Celebrating 20 Tours!

Submitted by HedonisticHiking on 2 Nov 2023

In 2023 Chris Bell completed an impressive 20 tours with Hedonistic Hiking.  First joining us in 2008, he has been a regular visitor to Italy ever since and many of our guests will remember hiking with him across the peninsula.  And he's not stopping at 20!  We are looking forward to seeing him next year in Sardinia.  We interviewed him this month to find out what it is that lures him back each time...

Could you define what it is that brings you back to Hedonistic Hiking?

The majority of travellers only get to observe the places they visit superficially. They don't experience them at the human level, interacting with the locals in their daily lives, understanding how they live and their passion for their environment. Jackie and Mick invest time and effort in identifying places and communities that welcome visitors as friends, wanting to share their way of life and their beautiful surroundings. There is always a genuine warmth in the interaction with HH guests that percolates into the group.


Many of our tours you have completed more than once.  Can you choose a favourite?

The stats speak for themselves. 3 Tuscany trips, 3 Palio trips and 3 Piedmont trips. I chose the Jewels of Piedmont tour because I love to hike Monviso, but the common factor in the Tuscany and Palio trips is Siena. I'm not a city fan but Siena is an exception. The Sienese are happy to see the tourists but always on their terms. Even James Bond had to fall in line. The Contrada structure of the city and how these fiercely independent folk protect their traditions in an ever-changing world contributes to few social problems and a safer feel than many other tourist cities.  So, anything that includes Siena, particularly if it involves horses.

Most memorable moment from the tours you have completed?

From the very first time I walked down into Siena's Piazza Il Campo, it has been the place I have happily revisited many times.  Jackie probably already had a Palio Tour on her to do list but walking with her across Il Campo and suggesting it would be a good idea was, in hindsight, memorable. Sitting in Il Campo, the silence of the thousands in anticipation of the start of the race exploding into a cacophony of sound as the rope drops, is an experience that never diminishes, no matter how many times you experience it. Being able to share in all the pre-race events is key to starting to understand the Palio and what it means to Sienese life. I just need Civetta to win and the memory will be complete!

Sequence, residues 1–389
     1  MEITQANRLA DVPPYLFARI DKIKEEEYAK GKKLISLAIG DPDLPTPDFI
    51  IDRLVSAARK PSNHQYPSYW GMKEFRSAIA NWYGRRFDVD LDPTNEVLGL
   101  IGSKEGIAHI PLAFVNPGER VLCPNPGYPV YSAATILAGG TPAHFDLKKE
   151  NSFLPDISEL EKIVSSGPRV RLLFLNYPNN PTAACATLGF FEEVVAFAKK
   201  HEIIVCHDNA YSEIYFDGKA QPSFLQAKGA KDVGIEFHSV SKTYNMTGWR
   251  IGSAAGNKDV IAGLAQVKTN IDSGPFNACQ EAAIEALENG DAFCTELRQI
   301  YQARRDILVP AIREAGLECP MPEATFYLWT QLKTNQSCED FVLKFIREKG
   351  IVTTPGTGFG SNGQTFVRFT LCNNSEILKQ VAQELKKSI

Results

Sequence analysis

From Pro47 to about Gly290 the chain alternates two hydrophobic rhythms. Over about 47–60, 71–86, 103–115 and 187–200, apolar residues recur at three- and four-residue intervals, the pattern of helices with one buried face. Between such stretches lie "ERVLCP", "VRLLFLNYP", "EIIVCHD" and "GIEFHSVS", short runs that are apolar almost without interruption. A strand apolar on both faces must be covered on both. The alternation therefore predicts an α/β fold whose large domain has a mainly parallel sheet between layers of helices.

Have you stayed in touch with any of your fellow hikers from the different tours?

Yes, I have been fortunate to meet up with fellow hikers on their home patch. Sydney Harbourside cafe for an afternoon, staying near 90 mile beach in NZ, a remote lakeside cabin in Canada and in rural W Pennsylvania USA. All beautiful parts. I was able to introduce my American friends to the delights of walking in Dartmoor National Park and I have spent time with them in the USA. Living with locals gives a much more realistic view of how the world is.

Could you choose a favourite part of Italy in terms of landscape?

Monviso in Piedmont is a shared favorite with Jackie. On the Italian Alps trip we enjoyed stunning weather and it was up there with the best. However, the Val D'orcia and Crete Senesi, south of Siena, is where I first hiked in Italy in 2005.  Returning there last year on the Etruscan Trails trip it seemed untouched and as beautiful as ever. Tuscany's landscape is quintessential Italy so I'd have to go for that.


Is there a region for food and wine in Italy which really stands out for you?

We are always told Piedmont is the "go to" for the best food and it is excellent, but then there is the tiny village of Lamole in Tuscany which has to be my candidate for the best restaurant. Unpretentious, beautiful food and wine served by great local characters in a stunning setting.  The wonderful lunch in Lamole, amid a week of eating good simple Tuscan fare on the Tuscan Harvest tour, suits this country boy!

What are your ambitions for hiking in 2024?

Covid cancelled my booking for the initial Heart of Sardinia trip but I've just been lucky to get the last place for next year, meeting up with my American friends. I've also organised breaks for my hiking group next year in North Yorkshire and the Isle of Wight. There are an increasing number of 80 year olds, which only proves that hiking is good for your health and longevity!